You’re ready to find your dream job.
Your resume is updated and you know exactly what sort of work you’d like to do. It’s time to launch your search full-force.
But, before you really get going, you stop yourself. You see the application calls for a cover letter, or that you’re connected to someone at the company and your best bet is to send over a note.
You freeze up, click out, and put your hunt on hold indefinitely.
If you hate writing, the job search can be downright painful. Because, while you can apply for roles that don’t require much of it, you’ll still need to flex those communication muscles to make it through the application process.
Don’t worry: There are three things you can do to make it much easier.
1. Use a Template
Writing’s a lot easier when you’re not starting from scratch. If you sit down to compose a cover letter, or a LinkedIn invite, or thank you note and you’re looking at a blank screen, it’s easy to feel intimidated.
With a template, you have a jumping off point. It gives you the confidence to know you’re on the right track, so you can spend your time customizing a sentence or two (opposed to reinventing the wheel).
Here are pre-written ones for each stage:
- An emails to ask your network for help
- A few personalized LinkedIn invitations
- Some cold email scripts for requesting a meeting (I know, the scariest)
- A cover letter template that breaks out exactly how to write one
- An email if you’re submitting your cover letter along with your resume as attachments
- A thank you note template to send after you interview
- A follow up script to help you reach out to the hiring manager
2. Make it Shorter
When in doubt, shorter is often better. Essentially, the less words use you, the less opportunities you have to make a mistake.
If you limit yourself to making an outreach email only so long, you’re going to save yourself from writing a 10-paragraph email with your entire career story (that the other person will never finish anyhow). Not sure what is an appropriate length? Refer to the templates above.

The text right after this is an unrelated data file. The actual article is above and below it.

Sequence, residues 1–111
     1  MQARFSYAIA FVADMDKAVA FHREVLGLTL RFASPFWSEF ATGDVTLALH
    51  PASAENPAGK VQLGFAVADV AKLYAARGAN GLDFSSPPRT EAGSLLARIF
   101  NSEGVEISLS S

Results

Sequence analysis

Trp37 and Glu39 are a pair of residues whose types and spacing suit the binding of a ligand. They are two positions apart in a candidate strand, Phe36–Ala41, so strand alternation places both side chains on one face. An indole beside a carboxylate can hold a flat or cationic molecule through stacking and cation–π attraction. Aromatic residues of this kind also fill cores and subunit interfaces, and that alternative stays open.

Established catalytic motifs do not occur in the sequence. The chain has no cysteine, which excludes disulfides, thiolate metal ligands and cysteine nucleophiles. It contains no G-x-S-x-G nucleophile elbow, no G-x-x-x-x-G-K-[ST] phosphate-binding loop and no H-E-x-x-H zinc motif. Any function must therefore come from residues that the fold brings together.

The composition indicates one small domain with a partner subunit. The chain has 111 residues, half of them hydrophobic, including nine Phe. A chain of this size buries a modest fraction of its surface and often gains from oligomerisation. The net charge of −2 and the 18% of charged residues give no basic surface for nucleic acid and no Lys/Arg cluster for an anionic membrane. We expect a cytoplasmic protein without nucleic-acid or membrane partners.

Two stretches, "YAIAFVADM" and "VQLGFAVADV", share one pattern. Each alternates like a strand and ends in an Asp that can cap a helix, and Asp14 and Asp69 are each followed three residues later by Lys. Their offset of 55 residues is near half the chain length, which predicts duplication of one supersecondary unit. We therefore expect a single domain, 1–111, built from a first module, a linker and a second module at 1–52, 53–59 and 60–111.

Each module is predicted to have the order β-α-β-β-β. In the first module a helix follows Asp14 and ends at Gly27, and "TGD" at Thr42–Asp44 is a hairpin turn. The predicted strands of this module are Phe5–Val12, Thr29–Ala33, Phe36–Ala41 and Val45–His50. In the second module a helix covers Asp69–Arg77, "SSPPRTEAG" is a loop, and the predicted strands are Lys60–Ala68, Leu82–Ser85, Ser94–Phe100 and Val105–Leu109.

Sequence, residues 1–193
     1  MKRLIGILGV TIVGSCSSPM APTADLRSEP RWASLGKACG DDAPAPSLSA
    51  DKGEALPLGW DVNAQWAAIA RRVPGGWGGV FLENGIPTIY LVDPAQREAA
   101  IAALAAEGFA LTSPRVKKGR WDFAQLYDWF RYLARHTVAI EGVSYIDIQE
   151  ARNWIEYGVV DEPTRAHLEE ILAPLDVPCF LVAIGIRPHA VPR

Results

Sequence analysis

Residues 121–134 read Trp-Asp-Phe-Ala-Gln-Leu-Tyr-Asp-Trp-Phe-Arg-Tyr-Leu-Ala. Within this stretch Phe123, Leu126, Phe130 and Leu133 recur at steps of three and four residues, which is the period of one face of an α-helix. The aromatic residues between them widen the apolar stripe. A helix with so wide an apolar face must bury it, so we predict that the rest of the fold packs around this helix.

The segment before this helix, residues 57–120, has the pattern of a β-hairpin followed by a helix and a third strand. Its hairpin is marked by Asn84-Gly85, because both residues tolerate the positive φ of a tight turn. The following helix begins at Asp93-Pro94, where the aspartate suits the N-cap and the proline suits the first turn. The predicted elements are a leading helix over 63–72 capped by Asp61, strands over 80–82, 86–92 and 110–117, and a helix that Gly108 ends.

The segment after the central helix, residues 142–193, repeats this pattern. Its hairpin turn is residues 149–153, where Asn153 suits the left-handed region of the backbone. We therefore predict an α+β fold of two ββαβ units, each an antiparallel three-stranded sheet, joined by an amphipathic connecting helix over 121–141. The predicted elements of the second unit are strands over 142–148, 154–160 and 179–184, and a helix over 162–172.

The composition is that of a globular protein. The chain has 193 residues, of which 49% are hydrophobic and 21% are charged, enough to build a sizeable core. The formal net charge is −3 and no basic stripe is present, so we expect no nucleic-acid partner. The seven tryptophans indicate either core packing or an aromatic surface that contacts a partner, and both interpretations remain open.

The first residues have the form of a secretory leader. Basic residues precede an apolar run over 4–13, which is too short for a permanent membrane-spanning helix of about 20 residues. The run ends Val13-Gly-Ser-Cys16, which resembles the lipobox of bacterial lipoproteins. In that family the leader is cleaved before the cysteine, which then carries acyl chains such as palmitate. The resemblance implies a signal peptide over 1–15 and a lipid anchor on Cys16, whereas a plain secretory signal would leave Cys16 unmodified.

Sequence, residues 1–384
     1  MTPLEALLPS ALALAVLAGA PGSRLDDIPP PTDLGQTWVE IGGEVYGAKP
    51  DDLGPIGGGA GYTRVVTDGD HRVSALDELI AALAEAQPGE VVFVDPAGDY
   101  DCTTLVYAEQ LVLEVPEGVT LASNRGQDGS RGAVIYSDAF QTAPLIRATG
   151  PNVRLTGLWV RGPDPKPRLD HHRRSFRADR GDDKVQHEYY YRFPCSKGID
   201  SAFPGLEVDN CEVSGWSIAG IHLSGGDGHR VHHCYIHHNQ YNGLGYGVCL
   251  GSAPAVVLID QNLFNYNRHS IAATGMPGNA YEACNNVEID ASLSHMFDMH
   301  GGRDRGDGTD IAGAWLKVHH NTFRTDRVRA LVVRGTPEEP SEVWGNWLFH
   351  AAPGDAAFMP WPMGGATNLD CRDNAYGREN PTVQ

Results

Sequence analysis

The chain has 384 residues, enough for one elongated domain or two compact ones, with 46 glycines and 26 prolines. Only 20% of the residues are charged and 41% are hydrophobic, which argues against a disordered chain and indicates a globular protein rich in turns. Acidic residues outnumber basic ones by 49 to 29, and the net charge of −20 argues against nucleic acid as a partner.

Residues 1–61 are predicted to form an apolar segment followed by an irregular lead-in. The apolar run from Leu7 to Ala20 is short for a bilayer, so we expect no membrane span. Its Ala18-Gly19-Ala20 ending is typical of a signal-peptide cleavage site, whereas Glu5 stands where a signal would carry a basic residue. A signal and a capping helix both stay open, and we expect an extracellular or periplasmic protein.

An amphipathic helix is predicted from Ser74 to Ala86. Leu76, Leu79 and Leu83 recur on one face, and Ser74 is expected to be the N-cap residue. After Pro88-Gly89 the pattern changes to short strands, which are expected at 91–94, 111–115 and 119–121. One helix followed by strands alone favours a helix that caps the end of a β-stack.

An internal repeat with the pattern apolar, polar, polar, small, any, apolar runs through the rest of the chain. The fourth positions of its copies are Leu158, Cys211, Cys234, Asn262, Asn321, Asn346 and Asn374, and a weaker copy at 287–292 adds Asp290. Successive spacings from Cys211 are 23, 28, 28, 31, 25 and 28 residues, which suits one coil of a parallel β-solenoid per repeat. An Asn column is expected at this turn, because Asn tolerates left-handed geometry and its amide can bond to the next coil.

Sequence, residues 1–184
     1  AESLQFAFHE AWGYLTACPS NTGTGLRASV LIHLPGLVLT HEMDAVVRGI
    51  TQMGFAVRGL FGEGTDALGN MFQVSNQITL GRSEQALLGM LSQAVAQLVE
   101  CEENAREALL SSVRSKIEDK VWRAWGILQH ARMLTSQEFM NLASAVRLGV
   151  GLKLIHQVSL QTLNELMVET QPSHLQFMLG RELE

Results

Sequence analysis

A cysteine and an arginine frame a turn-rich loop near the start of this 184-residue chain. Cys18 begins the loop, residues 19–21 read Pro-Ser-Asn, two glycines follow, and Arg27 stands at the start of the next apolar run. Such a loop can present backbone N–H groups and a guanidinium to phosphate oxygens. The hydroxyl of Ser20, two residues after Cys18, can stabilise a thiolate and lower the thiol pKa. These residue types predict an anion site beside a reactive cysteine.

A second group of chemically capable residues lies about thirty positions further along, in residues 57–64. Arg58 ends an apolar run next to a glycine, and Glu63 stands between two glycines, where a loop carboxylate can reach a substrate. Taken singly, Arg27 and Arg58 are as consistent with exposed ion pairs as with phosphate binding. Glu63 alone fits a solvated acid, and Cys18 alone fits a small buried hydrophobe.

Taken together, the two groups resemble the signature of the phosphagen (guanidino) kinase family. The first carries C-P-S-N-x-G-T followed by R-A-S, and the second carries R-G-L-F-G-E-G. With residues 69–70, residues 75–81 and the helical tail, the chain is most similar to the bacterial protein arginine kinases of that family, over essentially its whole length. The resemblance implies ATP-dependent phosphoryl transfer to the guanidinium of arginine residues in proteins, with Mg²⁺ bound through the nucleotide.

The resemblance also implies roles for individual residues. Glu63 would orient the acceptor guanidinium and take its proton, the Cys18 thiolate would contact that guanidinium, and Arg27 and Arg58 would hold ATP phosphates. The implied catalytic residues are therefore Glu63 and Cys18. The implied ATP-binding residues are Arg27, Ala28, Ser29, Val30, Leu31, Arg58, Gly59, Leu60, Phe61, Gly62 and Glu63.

As she explains, “The idea is to get in, show the company that you understand its needs and have the experience it’s looking for, and get out.” She gives this example:
Venture for America is known for shaking up the entrepreneurial ecosystem, and I’d love the chance to contribute to this reputation as your next Company Partnerships Associate.
The attached resume will tell you about my three years of experience in sales and account management—what it won’t tell you is that I’m crazy about startups and their ability to adapt and disrupt.
I’m ready to leverage my background in a role with a team that values grit and social intelligence, and your Company Partnerships department seems like the right fit.
Of course, Breuer also mentions that this’ll only appeal to certain companies (think: efficient, fast-paced). But if that’s where you’re applying, you can get away with—and get even get further with—a three-sentence cover letter.
FINDING A NEW JOB CAN BE REALLY OVERWHELMING...
...and stressful, and hard, and ugh. We make it easier.
3. Lean on Your Other Skills
If you absolutely cringe when it comes to writing assignments, I’ll bet you go out of your way to pursue other projects. And those projects have given you skills which you can (and should!) feature.
For example, maybe you have a hard time clearly describing your abilities. But you also have a website or portfolio that shows your technical skills or demonstrates your impact visually. Link to it!
If you don’t have a portfolio to share, turn to your LinkedIn profile. Use your background photo to share your personality, attach any relevant links to your job descriptions, and share articles that you think are great with a short status. These are all easy ways to show off your skill set, passion, and accomplishments without typing more than a sentence.
As a job seeker, there are going to be annoying truths you just have to accept.
Yes, you have to get out there and network. Yes, you have to answer “Tell me about yourself.” Yes, you have to send a thank you note.
Writing falls into the same category—yes, you have to do it. But you can use the strategies above to make a bit easier on yourself so you find more success with less dread.
TopicsJob Search , Writing , Syndication , Resumes & Cover Letters , Interviewing for a Job , Networking
Photo of person job searching courtesy of Jose Luis Pelaez Inc/Getty Images.
Sara McCord is a freelance writer and editor, who most frequently covers the career beat. For nearly three years, she was an editor at The Muse, and she's regularly contributed career advice to Mashable. Her advice has been published across the web (Forbes, Newsweek, Fast Company,TIME, Inc., Business Insider, CNBC and more). Sara has experience managing programs; recruiting, interviewing, and referring job applicants; building strategic partnerships; advising executive directors; and supporting a national network of volunteers. Learn more and send her a note through her website, or follow her on Twitter @sarajmccord.More from this Author